Convincing Your Manager to Say Yes to Six Sigma Training
What’s up with all this six sigma training anyways and does it really matter? Ever since Motorola came out with their Six Sigma initiative back in the eighties (now this was innovation was it not?) – the ability to reinvent a company by getting everybody to speak the same language but I digress) and Welch evangelized it, I have been wondering if this Six Sigma thing is not just a flash in the pan.
Now come on now, no other quality management system or methodology or whatever has come close to creating green shoots of spin-off industries.
First of all, let’s clarify the differences between, six sigma training and certification:
- Certification requires a rite to passage, much akin to an “initiation” whether this be in the form of an exam or written test, or demonstration of skill such as passing another belt in martial arts, or playing a difficult music piece for a music teacher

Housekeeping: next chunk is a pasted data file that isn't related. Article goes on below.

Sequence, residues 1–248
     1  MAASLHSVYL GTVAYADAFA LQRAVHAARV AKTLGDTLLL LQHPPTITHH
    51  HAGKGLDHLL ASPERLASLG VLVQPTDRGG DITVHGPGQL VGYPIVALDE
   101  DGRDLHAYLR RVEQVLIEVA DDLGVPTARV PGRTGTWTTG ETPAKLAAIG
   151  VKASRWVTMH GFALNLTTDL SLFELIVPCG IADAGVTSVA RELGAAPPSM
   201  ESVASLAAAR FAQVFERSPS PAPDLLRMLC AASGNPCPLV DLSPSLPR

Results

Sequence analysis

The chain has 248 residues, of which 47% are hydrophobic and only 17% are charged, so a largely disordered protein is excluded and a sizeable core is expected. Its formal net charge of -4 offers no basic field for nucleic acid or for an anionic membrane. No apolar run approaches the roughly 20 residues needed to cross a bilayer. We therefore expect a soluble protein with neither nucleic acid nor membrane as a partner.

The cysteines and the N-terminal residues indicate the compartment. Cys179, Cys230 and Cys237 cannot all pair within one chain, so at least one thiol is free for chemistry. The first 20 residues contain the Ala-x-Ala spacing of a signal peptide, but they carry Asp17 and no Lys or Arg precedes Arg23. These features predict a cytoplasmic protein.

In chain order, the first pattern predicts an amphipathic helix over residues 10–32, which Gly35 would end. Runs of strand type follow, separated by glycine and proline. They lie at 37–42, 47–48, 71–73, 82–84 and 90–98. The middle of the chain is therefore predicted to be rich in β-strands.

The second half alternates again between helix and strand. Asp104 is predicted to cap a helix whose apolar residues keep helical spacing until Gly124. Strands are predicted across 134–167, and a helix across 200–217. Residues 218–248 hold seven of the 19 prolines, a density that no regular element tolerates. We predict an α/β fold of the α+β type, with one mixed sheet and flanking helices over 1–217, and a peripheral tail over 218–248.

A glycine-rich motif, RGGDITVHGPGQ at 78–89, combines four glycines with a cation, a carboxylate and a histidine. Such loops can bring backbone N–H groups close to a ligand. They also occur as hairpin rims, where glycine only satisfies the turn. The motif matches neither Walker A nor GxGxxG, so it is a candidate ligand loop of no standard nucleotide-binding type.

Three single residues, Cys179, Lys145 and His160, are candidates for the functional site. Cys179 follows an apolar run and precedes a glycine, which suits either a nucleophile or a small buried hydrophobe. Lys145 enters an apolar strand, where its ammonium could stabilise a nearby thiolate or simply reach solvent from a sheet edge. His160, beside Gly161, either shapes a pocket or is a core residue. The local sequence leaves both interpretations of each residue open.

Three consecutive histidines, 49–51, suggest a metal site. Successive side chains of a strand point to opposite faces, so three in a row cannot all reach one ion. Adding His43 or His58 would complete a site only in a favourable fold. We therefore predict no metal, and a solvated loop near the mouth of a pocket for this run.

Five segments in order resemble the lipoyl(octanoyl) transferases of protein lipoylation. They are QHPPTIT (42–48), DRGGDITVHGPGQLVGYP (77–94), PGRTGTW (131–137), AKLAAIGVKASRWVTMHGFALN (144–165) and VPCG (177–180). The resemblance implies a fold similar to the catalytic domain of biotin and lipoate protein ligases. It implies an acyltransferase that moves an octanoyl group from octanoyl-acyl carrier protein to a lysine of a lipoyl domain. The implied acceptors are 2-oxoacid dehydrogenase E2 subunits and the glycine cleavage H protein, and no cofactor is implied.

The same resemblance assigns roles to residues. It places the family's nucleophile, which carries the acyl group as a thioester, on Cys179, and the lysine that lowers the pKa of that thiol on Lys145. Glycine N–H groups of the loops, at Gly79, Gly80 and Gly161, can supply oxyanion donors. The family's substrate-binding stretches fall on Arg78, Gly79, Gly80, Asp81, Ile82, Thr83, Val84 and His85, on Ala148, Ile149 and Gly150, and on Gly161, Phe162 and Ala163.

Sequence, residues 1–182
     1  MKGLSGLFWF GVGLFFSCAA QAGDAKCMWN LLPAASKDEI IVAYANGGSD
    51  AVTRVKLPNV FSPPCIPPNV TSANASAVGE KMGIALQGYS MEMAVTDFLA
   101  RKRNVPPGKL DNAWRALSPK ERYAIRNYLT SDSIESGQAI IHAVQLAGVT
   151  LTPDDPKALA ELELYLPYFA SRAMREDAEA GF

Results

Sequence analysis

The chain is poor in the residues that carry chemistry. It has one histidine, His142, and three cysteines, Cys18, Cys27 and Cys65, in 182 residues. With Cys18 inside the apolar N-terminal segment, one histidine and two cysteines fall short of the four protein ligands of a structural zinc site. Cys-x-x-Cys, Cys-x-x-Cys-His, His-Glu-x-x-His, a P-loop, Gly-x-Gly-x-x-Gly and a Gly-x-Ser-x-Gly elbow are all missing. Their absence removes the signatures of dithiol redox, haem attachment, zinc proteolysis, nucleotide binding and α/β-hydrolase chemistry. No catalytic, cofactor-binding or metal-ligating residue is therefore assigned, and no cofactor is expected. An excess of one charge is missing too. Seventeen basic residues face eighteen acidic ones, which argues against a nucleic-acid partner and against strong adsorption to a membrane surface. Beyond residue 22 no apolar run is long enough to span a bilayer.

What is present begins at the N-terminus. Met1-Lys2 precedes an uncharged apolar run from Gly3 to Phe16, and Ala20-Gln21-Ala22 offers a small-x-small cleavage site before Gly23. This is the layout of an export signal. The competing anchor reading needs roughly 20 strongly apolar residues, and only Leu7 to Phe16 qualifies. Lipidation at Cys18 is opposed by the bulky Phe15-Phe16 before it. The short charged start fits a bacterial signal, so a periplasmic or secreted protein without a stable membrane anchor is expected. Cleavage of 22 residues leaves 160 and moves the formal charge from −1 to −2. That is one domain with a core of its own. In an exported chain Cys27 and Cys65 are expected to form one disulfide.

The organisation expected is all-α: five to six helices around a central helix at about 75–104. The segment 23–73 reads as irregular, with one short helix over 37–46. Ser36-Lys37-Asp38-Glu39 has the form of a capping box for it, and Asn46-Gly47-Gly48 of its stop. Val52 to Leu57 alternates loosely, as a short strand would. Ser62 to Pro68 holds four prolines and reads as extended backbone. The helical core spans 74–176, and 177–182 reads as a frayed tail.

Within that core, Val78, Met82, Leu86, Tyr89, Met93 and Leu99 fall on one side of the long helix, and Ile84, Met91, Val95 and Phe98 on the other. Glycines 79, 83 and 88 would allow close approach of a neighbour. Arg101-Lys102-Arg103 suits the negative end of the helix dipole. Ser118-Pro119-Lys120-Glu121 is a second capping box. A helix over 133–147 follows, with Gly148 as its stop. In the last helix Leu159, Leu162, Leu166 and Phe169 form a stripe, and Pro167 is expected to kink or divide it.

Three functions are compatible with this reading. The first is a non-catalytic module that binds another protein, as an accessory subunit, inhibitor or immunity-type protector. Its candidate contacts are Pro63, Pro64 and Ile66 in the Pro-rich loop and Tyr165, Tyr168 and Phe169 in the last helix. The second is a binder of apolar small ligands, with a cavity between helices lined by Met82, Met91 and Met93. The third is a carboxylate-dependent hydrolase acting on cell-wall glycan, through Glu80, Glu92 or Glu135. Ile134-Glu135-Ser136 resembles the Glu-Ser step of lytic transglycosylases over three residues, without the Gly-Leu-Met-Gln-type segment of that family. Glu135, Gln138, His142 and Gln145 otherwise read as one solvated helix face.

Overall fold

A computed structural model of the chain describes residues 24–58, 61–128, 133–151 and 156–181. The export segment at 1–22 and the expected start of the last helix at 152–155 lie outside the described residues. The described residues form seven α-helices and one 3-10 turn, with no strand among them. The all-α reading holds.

- Training requires time at being instructed of something, either by someone such as a mentor, or a coach, or why note even a trainer? This can also involve reading of specific materials.
I don’t think any other company is as driven to prove this as the PMI with their PMP. But that’s okay, we don’t want bridges to fall down, oil refineries to dry up, or dams to collapse, albeit a PMP does not replace mechanical or civil engineers, they just passed a lot of exams and have to keep their hours counted.
The ultimate question to becoming certified is whether there is any value to passing an exam – this is not the same as meeting other requirements such as number of completed projects or number of years or hours experience behind that PMP certificate or that Lean Six Sigma Black Belt.